Monday night I went to a parents’ information meeting at our local CLSC in orthophonie (speech therapy in French), and it was totally great. They are offering a set of three parental training sessions, a speech evaluation for the child, and a possible block of 5 multi-child therapy sessions to get him up to par. Way more than what I expected from local free interventions.

Everything looked totally great, except they had a two page insert on bilingualism. Now it was written in large block letters: “One Language, One Context”, which is an outshoot of the idea “One parent, one language”. I personally have always wondered however that can work: I mean at family dinner, how do the parents speak to eachother? Do they each need to know the other’s language? Does Parent A speak Language A both to Child and to Parent B? and then does Parent B respond in Language B (so the conversation is half in one language and half in the other)? In that case, how can the child ever see modelled a proper question and response set up in either language? And is the Child supposed to have Parent B responding to ParentA/LanguageA in Language B, but supposed to resond to ParentA/LanguageA in LanguageA? It all seems rather artificial and wonky. And what if both parents speak English for instance, but only one parent speaks fluent Chinese? Does the monolingual parent just sit and nod and smile while the other parent and child have a conversation at the meal, grocery store or amusement park?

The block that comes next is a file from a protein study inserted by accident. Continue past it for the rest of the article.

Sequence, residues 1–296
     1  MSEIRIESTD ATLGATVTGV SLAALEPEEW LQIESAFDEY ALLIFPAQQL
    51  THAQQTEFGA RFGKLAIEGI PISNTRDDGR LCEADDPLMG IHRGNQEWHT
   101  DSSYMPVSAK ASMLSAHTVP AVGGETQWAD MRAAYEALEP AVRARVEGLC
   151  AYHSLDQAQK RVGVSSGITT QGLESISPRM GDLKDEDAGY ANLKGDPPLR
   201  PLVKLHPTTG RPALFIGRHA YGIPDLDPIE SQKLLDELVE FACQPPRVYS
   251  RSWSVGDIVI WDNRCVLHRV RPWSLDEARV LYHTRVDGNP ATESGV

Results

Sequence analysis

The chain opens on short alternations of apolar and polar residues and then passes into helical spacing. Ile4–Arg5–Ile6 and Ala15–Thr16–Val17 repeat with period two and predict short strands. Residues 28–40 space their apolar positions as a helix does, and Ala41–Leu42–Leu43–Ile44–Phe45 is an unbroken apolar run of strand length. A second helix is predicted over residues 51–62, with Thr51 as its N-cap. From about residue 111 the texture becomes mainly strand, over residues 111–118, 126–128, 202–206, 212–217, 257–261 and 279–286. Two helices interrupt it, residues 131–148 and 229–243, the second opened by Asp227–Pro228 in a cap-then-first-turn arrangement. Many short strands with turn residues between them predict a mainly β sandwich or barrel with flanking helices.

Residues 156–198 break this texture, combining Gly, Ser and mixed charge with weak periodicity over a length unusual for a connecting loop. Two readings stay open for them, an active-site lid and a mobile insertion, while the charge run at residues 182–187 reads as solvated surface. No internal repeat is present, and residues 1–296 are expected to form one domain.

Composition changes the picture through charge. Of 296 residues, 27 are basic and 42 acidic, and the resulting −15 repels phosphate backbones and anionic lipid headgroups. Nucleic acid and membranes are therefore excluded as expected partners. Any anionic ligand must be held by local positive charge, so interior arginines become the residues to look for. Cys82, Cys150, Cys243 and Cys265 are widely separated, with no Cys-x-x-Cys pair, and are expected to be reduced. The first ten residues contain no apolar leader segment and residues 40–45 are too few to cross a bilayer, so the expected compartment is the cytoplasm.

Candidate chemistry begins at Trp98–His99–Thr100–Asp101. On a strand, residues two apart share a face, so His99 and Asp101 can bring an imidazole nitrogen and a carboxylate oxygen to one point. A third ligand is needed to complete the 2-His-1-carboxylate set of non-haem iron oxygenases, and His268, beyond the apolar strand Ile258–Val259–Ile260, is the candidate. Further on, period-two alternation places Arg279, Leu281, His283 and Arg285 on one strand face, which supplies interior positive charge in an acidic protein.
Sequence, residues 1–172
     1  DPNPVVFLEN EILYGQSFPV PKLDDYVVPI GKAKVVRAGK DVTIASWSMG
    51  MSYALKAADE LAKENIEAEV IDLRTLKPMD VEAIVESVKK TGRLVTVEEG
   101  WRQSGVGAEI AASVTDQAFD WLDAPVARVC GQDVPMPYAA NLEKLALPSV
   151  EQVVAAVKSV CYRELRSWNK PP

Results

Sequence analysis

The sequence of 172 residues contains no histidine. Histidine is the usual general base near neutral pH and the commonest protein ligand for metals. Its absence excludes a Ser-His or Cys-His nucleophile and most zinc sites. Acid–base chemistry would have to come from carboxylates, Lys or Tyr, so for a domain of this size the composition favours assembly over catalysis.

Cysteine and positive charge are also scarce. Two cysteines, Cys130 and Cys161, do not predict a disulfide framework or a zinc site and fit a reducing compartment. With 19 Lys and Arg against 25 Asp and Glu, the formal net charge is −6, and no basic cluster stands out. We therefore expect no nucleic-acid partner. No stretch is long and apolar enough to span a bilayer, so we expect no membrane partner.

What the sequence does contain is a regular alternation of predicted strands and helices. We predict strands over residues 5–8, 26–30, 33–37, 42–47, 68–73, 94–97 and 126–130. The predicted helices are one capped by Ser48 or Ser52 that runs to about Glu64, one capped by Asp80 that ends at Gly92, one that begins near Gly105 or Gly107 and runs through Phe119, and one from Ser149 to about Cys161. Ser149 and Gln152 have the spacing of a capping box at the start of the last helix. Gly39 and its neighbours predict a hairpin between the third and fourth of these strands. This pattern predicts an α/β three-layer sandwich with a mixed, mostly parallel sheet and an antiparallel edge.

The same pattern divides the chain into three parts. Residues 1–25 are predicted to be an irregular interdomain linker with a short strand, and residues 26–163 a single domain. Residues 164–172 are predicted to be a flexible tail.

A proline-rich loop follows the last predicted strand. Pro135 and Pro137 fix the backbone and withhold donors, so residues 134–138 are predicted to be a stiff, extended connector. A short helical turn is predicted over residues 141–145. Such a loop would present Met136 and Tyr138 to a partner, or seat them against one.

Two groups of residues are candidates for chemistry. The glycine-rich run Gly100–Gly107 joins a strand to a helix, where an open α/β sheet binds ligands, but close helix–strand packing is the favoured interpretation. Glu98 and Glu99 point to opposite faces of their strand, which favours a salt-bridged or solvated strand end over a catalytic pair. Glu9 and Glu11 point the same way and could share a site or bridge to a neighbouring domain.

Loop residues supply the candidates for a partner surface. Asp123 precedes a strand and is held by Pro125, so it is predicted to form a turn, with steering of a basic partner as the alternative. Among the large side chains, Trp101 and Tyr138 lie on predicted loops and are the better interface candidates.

Personally, I don’t have this issue, since I am a single parent. According to this “One parent One language” doctrine, I would have to raise a child in only one language, even if I am bilingual or more myself.

Welcome to the “One language, one context” expansion of the theory. We do this somewhat, in that I tend to speak English at home, and speak French with neighbors and out shopping etc… it is just more acceptable to speak French in public in Quebec.

But does that mean I never read French books inside the house? Never put on French music or introduce French words at home? And what if I want to get my son’s attention outside the home, and know he knows the English words but not the French for a given situation? “Watch OUT! A TRUCK is COMING!” he might understand at the start, but not “ATTENTION! Un camion s’en vient!”… and the risk of him not understanding or not obeying in French is great.

It also means that language is restricted to that occasion. For instance if cooking is always done at home in English, and sports always done at daycare in French… how will he have the vocabulary to speak about either in the other part of his day? Will he be forbidden to say “j’ai joué au ballon !” at home? And if he is, how will I give him the english words for that? How will he tell the daycare what he cooked at home, and that he beat the eggs and creamed the butter if he doesn’t get French vocab for me about those things at home, so he can go to daycare and say them? He will only know in English, and if they don’t speak English, he is just stuck explaining.